Chicago to Sue Jussie Smollett After He Refuses to Pay Investigation Costs

Chicago to Sue Jussie Smollett After He Refuses to Pay Investigation Costs

Chicago to Sue Jussie Smollett After He Refuses to Pay Investigation Costs

Days after Cook County State's Attorney Kim Foxx suddenly dropped all 16 felony charges against "Empire" actor Jussie Smollett, letting him off scot-free, a group of police chiefs are showing her they vehemently disagree with her decision - and come to think of it, many other decisions too. "As part of this legal action, the Law Department will pursue the full measure of damages allowed under the ordinance", McCaffrey wrote in the statement.

Thursday was the deadline for Smollett to issue payment, seven days since Mayor Rahm Emanuel's law chief sent the "Empire" actor a letter demanding the payment.

A spokeswoman for Smollett's legal team declined comment on the latest development.

Taking the matter to trial, carries risks for Smollett, including by extending negative publicity and potentially making it harder for him to get his entertainment career back on track.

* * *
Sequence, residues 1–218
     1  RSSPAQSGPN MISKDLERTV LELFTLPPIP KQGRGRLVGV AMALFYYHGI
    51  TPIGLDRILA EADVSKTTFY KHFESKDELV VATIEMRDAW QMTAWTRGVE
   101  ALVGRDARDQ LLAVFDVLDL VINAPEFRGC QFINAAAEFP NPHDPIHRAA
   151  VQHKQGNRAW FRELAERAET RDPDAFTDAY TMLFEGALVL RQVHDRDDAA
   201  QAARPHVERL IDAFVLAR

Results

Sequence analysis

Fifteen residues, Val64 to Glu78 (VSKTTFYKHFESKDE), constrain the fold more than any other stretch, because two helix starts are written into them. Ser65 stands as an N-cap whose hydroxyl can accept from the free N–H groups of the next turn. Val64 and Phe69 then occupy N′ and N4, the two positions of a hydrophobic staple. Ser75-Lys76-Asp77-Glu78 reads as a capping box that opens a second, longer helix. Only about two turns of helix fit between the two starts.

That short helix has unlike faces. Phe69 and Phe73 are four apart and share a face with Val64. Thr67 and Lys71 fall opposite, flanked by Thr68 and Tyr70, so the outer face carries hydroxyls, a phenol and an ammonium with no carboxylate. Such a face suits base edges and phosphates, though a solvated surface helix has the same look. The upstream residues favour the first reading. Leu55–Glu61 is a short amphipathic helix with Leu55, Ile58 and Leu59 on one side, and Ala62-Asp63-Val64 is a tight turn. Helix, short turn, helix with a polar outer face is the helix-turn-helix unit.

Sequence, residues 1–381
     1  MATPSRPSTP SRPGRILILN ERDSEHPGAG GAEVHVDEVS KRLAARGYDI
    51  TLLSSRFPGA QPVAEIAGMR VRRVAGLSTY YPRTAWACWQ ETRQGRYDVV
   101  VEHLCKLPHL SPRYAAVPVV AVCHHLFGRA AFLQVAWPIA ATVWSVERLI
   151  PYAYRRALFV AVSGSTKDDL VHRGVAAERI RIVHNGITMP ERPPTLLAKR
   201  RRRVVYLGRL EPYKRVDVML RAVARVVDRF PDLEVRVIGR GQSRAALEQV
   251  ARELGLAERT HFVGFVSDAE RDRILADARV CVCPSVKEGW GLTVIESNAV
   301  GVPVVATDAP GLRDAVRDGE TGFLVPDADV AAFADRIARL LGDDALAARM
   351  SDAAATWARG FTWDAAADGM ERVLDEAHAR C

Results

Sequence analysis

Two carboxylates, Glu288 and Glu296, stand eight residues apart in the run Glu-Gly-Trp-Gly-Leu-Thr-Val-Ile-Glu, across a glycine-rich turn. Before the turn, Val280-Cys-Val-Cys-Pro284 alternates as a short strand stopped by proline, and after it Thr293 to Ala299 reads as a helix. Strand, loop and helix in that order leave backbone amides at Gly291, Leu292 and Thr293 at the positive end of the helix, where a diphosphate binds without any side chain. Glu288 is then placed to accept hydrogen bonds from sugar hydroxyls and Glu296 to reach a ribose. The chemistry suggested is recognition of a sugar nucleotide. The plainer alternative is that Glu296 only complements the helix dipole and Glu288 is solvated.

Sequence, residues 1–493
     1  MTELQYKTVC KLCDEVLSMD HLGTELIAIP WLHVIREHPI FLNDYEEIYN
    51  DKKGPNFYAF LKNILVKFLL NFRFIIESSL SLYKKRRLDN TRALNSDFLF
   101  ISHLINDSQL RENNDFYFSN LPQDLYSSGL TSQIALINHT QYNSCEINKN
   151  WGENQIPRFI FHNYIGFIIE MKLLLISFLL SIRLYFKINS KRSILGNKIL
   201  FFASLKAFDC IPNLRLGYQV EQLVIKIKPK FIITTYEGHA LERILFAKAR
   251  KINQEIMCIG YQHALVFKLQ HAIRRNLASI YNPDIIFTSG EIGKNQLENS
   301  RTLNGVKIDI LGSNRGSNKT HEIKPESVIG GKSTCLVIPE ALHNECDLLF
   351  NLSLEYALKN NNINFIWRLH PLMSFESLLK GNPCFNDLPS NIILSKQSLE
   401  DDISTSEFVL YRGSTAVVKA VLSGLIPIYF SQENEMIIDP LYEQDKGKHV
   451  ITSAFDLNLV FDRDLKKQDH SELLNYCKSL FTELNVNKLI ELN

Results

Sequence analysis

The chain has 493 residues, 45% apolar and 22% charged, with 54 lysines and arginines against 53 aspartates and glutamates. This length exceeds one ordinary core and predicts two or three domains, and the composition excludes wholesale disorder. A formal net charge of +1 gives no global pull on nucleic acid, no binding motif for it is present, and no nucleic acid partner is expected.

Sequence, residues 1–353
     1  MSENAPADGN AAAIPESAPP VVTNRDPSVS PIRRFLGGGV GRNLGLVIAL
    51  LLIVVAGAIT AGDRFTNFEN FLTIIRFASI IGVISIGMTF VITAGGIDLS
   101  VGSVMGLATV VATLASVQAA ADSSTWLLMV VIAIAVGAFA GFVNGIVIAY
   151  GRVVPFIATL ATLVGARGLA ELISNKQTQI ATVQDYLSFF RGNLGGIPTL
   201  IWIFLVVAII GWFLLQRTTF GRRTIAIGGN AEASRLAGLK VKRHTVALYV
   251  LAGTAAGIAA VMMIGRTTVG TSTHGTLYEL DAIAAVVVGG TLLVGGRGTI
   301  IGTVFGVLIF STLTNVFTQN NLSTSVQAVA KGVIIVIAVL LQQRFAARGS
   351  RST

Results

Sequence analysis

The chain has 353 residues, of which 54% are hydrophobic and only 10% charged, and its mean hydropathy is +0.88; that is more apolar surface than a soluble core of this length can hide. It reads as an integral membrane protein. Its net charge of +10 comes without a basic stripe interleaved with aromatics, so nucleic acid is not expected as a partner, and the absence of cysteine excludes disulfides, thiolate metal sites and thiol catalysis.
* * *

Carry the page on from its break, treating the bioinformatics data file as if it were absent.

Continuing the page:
A fan takes a selfie with actor Jussie Smollett following his court appearance at Leighton Courthouse on March 26, 2019 in Chicago, Illinois.

A suit could lead to a drawn out battle in civil court that could end in a trial focused on the question of whether Smollett did or didn't orchestrate the January 29 attack. While a criminal trial requires proof beyond a reasonable doubt for a conviction, a civil trial would require the city to prove only that a "preponderance of evidence" - meaning it's more likely true than not - that the incident was a hoax orchestrated by Smollett.

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Lightfoot, a former federal prosecutor, said during a pre-election debate that "the public has to have answers as to why these charges were dismissed".

In her response, Foxx said, "Spoke to the Superintendent Johnson", referring to Chicago Police Superintendent Eddie Johnson, who was among those to publicly debunk Smollett's police report. Chicago's WLS-TV reports that three associations representing suburban police chiefs voted to express "no confidence" in Foxx. He also pointed to broader Foxx policies to not prosecute many lower-level felonies.

"What she's doing is enabling the offenders", said Steven Stelter of the West Suburban Chiefs Association.

"The State's Attorney's office here which made the decision unilaterally to drop the charges has to give a much more fulsome explanation", she told anchor Craig Melvin.

Foxx's office told WLS-TV earlier that the chiefs' criticism was "an excuse to justify" resistance to reform.

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